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Unbalanced excitability underlies offline reactivation of behaviorally activated neurons


Hippocampal sharp waves (SWs)/ripples represent the reactivation of neurons involved in recently acquired memory and are crucial for memory consolidation. By labeling active cells with fluorescent protein under the control of an immediate-early gene promoter, we found that neurons that had been activated while mice explored a novel environment were preferentially reactivated during spontaneous SWs in hippocampal slices in vitro. During SWs, the reactivated neurons received strong excitatory synaptic inputs as opposed to a globally tuned network balance between excitation and inhibition.

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Figure 1: Reactivation of behaviorally activated neurons during in vitro SWs.
Figure 2: E/I imbalance during SWs.
Figure 3: Linearly tuned inhibitory activity.

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This work was supported by Grants-in-Aid for Science Research (22115003, 23115101, 25119004 and 25123709; the Japanese Ministry of Education, Culture, Sports, Science and Technology), the Funding Program for Next Generation World-Leading Researchers (LS023; the Japan Society for the Promotion of Science) and the Strategic Research Program for Brain Sciences.

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M.M. and Y.I. designed the study. M.M., H.N. and K.T. conducted the experiments. M.M., H.N., K.T., T.S. and Y.I. analyzed the data. T.E., K.H. and T.N. prepared calcium indicator. H.H., T.K. and S.Y. prepared transgenic mice. M.M. and Y.I. wrote the paper. The study was managed by Y.I. and N.M.

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Correspondence to Yuji Ikegaya.

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The authors declare no competing financial interests.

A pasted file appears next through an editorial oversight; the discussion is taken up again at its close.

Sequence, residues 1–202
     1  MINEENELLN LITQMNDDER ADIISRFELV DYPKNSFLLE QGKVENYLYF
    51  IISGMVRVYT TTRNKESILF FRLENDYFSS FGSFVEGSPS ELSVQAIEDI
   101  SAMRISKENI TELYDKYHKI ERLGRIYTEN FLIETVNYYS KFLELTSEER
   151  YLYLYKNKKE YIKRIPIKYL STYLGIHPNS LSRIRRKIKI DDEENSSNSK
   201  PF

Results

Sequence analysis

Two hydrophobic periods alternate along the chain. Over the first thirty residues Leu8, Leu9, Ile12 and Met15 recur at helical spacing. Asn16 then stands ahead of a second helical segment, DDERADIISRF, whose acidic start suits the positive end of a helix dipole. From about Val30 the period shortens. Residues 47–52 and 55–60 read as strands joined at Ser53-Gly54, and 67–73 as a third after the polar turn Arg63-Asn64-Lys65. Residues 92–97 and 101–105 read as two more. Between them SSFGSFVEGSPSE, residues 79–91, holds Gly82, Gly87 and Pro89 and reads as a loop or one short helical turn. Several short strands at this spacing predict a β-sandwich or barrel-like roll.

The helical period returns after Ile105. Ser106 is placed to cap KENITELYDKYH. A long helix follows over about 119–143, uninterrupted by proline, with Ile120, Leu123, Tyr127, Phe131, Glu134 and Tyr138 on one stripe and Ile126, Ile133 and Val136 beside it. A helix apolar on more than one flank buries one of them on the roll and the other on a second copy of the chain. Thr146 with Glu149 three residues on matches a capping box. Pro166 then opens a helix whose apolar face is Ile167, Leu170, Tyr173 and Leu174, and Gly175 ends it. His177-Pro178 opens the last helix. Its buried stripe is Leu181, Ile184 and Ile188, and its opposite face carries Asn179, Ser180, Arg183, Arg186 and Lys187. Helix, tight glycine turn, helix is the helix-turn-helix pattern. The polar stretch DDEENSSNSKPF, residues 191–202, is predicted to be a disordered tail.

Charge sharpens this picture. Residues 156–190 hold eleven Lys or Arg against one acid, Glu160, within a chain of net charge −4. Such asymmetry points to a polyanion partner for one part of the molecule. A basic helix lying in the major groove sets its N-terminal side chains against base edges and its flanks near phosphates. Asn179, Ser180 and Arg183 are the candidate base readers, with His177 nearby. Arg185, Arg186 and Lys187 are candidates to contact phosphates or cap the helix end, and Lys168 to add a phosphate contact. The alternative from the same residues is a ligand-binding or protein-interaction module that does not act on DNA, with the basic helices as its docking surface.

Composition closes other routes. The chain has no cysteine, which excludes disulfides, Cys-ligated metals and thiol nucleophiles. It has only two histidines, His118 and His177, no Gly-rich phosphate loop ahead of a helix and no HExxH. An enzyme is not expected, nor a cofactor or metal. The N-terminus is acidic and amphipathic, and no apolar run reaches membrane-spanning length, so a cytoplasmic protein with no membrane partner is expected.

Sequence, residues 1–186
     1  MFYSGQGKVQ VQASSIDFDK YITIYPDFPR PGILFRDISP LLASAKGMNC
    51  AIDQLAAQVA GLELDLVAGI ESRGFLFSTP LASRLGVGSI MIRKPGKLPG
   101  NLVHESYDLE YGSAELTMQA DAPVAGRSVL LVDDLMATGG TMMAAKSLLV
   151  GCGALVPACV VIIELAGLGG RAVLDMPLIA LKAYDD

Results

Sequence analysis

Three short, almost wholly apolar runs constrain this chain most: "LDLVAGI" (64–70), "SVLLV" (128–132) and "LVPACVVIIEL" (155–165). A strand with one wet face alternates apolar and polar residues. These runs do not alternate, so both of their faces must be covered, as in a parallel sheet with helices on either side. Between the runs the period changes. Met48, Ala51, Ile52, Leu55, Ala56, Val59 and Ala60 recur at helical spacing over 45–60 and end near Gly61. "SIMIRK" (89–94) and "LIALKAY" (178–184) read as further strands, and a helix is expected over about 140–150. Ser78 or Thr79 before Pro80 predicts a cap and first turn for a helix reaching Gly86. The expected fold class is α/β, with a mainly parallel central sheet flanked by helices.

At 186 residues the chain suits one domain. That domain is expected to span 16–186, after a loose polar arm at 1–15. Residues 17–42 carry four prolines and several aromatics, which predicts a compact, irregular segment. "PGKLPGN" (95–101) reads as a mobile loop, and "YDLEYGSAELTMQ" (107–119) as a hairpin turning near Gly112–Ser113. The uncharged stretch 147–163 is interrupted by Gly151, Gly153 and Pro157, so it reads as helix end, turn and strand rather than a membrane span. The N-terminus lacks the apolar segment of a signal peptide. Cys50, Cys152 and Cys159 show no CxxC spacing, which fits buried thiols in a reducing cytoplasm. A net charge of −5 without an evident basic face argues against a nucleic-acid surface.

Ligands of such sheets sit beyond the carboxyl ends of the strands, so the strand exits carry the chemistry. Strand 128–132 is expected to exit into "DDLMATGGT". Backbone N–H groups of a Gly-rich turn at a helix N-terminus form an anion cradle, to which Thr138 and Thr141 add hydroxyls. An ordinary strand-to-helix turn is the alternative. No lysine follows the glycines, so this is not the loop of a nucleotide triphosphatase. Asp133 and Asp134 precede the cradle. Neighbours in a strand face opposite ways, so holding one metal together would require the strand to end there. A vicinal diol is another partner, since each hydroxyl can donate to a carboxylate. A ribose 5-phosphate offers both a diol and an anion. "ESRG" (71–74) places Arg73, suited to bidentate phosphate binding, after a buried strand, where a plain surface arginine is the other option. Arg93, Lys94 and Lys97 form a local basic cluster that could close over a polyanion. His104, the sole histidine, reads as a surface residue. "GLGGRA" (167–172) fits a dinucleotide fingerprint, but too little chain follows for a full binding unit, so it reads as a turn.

Integrated supplementary information

Supplementary Figure 1 SWs in vitro.

(a) Representative LFP trace (top) and 120–250 Hz filtered trace (bottom) recordings from CA1 stratum pyramidale. SW timings are shown with blue lines. Three SWs are magnified in the left insets. The peak ripple oscillation frequency was 191 ± 22 Hz (mean ± SD). (b) The brains were sliced horizontally (top) or at an angle of 12.7° to the fronto-occipital axis (bottom). (c) CA3 stratum pyramidale was stimulated at various intensities, and neurons that fired in response to the stimulation were monitored in CA1 stratum pyramidale using functional multineuron calcium imaging with Oregon Green 488 BAPTA-1. The mean percentage of spiking neurons to the total neurons recorded in horizontal and oblique slices are plotted as a function of the stimulation intensity. These results imply that CA3-to-CA1 axonal projections were more preserved in oblique slices than in horizontal slices (**P = 6.6×10-5, F1,28 = 21.9, two-way ANOVA). Error bars are SDs of 4 or 5 slices from 3 mice. (d) Paired LFP recordings from CA3 and CA1. SWs in CA1 occurred together with CA3 network activity in an intact hippocampal slice. In slices that received surgical lesions between CA3 and CA1, CA3 network activity still remained, but SWs in CA1 disappeared. (n = 3 slices from 2 mice each).

Supplementary Figure 2 Calcium imaging of SW-relevant activities.

(a) Functional multineuron calcium imaging from the CA1 stratum pyramidale of an Oregon Green 488 BAPTA-1-loaded slice and recordings of local field potentials (LFP) (top). Simultaneous loose cell-attached recording and calcium imaging (bottom). (b) Representative raster plot of the spiking of CA1 neurons (bottom). SW-relevant activity is shown in blue. SW times (middle) were determined from simultaneously recorded LFPs (top). (c) Peri-SW time histogram of calcium transients (n = 1,625 cells in 15 slices from 15 mice). (d) Neurons activated during each SW event.

Supplementary Figure 3 dVenus expression after behavioral exploration of Arc-dVenus mice.